Germany has lowered its expectations for the long-awaited Berlin Conference on Libya, scheduled to be held on Sunday.
Deputy spokesperson for the German government Ulrike Demmer described the conference as “important,” but considered it only a “beginning.”
Berlin hopes the conference would constitute “a cornerstone on the path to a political solution,” Demmer stressed.
She pointed out that “finding solutions to all of Libya’s problems cannot be made in one day.”
In this context, the German government has announced that it is not yet confirmed whether Libya’s Fayez al-Sarraj and Khalifa Haftar would attend the summit.
Berlin has invited Sarraj, who heads the internationally recognized Government of National Accord in Tripoli, and Haftar, who leads the Libyan National Army.
UN Secretary-General Antonio Guterres and UN Special Envoy to Libya Ghassan Salame are expected to participate, along with representatives of the US, Russia, Britain, France, China, the UAE, Turkey, Congo, Italy, Egypt, Algeria, the UN, the European Union, the African Union and the Arab League, Demmer noted.
The German government seeks through this conference to reach an international understanding on how to handle the Libyan conflict as a first step, she said, adding that it is not an endpoint, rather a beginning of a political process.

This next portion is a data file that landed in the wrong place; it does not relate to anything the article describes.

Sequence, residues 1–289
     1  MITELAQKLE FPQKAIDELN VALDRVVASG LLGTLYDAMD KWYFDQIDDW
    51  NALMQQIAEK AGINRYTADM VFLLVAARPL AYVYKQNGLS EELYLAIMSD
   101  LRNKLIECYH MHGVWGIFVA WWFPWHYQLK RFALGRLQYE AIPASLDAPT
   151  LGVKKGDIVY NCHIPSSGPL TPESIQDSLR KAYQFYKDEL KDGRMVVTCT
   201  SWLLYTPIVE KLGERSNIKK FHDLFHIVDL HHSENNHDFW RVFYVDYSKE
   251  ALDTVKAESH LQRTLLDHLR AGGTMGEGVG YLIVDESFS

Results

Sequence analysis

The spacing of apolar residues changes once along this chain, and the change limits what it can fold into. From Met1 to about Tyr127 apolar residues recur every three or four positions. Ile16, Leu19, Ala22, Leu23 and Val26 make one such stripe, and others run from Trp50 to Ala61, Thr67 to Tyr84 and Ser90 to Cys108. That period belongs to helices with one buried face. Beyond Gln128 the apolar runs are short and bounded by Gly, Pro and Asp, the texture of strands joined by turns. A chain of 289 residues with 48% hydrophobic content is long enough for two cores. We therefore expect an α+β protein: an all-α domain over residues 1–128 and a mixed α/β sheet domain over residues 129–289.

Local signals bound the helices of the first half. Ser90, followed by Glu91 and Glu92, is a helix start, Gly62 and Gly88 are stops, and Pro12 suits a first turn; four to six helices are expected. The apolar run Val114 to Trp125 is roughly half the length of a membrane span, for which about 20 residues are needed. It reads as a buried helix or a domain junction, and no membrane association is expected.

“The goal is to support the UN efforts for an internal reconciliation process in Libya through a group of countries and international organizations.”
“We are deeply convinced that civil war can only be ended with a political solution.”
German Foreign Ministry spokesman Rainer Breul, for his part, also announced that the upcoming conference “can only be the beginning of a long process.”
He explained that the Berlin process on Libya supports the three point-plan Salame has been working to achieve and which ultimately aims to bring Libyan parties to the round table to reach a political solution.
His plan includes a humanitarian truce, the convention of a new international meeting and holding a comprehensive national conference.
Salame hoped that the Berlin conference would achieve “a minimum level of international consensus.”
The envoy stressed resorting to what has become known as the “Berlin process” after failing to achieve an international consensus in the deeply divided Security Council.
He also pointed to violations of the arms embargo decision, which has been violated by 12 countries.